The longer you plan to carry a balance and the higher the APR on your current balance, the more you’ll benefit from a 0% APR balance transfer. Without those hefty interest charges added to your balance each month, a balance transfer can buy you time to pay off your credit card debt more quickly and for less money.
Break out the calculator and do the math to determine if a balance transfer will save you money. The industry standard is to charge a balance transfer fee of $5 or 3% of your transferred balance, whichever is greater. So keep this fee in mind when figuring out your actual savings. On rare occasion, consumers can find cards with no balance transfer fee.
Also, be aware that if you make a late payment, many card issuers will end your introductory period rate and apply the default rate – potentially wiping out any savings and possibly costing you even more than if you never did the balance transfer. Stay on top of your payment’s due date to make the balance transfer work for you.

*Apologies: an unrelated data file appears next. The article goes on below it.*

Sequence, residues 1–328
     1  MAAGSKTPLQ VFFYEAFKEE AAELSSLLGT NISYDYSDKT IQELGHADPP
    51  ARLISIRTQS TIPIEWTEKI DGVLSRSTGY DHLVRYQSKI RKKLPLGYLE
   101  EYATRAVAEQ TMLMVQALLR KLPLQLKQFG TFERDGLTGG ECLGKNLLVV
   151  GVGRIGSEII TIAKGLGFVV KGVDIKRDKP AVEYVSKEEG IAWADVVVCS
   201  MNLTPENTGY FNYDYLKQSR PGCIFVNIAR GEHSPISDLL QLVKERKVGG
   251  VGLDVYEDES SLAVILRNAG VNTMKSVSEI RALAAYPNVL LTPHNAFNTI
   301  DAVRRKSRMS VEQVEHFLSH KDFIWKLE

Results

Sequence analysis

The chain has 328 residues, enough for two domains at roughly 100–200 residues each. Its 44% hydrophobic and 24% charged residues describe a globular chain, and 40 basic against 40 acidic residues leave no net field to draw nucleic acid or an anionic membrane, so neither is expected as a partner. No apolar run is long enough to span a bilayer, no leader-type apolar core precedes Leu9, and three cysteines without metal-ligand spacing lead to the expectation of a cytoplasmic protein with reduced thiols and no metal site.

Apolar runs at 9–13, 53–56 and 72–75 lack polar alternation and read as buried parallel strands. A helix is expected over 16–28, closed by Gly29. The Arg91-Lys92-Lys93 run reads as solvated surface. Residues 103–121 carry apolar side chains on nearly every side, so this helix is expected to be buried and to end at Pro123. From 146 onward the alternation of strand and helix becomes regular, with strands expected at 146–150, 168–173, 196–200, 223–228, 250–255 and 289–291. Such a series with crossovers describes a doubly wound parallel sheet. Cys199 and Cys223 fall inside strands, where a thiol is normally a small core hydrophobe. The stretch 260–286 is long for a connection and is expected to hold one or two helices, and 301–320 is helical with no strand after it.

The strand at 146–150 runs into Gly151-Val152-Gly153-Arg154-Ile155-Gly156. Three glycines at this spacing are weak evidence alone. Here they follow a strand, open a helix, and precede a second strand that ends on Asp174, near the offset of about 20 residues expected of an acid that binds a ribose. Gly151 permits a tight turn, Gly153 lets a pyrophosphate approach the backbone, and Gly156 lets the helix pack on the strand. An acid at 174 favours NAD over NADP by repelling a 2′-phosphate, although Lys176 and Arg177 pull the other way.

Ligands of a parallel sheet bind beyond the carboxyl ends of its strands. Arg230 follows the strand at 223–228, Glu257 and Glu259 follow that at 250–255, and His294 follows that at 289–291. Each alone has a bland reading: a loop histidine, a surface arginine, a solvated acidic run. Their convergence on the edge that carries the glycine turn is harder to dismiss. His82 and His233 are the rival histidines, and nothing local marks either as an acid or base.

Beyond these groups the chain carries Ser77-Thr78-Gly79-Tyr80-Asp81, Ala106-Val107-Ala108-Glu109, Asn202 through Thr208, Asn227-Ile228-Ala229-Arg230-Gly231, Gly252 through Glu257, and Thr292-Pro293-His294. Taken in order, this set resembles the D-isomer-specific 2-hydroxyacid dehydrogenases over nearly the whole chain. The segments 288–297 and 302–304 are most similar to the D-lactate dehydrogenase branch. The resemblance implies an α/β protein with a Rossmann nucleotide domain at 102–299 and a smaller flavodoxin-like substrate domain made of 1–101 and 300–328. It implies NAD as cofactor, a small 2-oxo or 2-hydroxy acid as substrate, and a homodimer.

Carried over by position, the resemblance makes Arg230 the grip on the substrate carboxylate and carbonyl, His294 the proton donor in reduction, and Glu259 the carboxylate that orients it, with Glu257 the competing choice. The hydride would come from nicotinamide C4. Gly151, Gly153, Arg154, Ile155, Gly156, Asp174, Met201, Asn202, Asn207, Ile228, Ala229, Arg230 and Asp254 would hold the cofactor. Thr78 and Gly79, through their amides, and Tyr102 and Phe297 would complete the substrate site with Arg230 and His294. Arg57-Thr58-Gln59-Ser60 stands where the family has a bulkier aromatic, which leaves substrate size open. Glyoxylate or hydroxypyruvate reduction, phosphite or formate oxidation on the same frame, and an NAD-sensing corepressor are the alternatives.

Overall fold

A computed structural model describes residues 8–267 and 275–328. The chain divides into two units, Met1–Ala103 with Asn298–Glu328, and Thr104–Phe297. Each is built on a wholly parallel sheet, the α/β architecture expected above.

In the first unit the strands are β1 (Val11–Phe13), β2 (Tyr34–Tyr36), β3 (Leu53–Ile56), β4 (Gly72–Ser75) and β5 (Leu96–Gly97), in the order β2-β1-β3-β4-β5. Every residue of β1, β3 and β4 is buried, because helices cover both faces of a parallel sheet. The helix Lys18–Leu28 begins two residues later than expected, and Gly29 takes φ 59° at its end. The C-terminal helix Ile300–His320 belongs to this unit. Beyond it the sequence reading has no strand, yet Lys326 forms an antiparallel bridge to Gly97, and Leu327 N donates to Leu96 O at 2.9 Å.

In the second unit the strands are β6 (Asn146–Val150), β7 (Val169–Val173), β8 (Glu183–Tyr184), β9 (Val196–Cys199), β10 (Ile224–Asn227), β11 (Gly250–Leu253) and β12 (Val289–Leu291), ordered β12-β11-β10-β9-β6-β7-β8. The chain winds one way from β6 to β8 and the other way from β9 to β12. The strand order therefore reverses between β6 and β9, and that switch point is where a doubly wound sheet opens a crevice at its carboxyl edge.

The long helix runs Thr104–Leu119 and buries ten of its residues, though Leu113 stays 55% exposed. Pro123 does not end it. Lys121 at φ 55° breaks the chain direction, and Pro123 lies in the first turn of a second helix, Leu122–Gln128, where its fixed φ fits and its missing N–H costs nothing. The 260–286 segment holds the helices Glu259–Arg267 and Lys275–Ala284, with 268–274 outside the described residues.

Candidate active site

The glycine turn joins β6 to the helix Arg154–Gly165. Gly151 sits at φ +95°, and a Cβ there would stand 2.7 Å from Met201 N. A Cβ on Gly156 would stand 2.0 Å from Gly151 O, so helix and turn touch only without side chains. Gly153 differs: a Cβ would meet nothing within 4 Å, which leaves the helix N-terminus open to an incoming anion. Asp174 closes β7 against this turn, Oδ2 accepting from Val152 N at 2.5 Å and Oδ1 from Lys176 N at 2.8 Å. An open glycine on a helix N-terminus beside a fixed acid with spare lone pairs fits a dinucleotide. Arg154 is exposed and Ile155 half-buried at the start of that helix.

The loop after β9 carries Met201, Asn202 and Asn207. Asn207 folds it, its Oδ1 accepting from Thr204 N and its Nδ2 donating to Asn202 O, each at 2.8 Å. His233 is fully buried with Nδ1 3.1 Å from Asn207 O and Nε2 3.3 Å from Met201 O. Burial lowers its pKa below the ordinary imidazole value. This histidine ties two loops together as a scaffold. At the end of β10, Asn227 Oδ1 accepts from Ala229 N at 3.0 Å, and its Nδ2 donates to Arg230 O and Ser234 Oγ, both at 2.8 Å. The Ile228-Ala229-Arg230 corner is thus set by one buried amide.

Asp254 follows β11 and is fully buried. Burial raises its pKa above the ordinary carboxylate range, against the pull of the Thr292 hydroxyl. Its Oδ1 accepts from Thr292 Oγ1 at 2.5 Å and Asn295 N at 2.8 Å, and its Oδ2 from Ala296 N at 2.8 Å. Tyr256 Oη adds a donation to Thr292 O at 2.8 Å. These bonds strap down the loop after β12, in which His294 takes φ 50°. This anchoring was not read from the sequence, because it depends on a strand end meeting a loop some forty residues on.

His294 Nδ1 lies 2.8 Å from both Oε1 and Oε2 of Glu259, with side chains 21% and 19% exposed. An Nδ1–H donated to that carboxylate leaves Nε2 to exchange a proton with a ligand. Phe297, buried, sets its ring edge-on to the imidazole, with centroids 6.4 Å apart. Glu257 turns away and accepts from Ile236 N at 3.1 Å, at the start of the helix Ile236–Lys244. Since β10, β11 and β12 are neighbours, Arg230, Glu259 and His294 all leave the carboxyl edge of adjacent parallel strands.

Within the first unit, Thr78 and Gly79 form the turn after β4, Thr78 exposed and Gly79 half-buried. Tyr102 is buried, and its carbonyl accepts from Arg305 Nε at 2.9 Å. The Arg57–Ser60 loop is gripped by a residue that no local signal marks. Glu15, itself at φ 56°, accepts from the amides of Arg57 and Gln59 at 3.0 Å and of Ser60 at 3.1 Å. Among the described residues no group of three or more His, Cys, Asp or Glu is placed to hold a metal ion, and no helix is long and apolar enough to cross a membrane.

As always with any credit card offer, carefully read the card’s Terms and Conditions for the full details before you apply.
While there are always plenty of credit card offers to choose from, consider your spending and bill-paying habits to determine which one is right for you and your needs. And once you do find the right balance transfer offer to meet your needs, make it work for you – avoid racking up new debt and pay off the balance before interest begins to accumulate. When handled wisely, a balance transfer to a card with a low or no-interest introductory rate can be a great way to manage your credit card debt.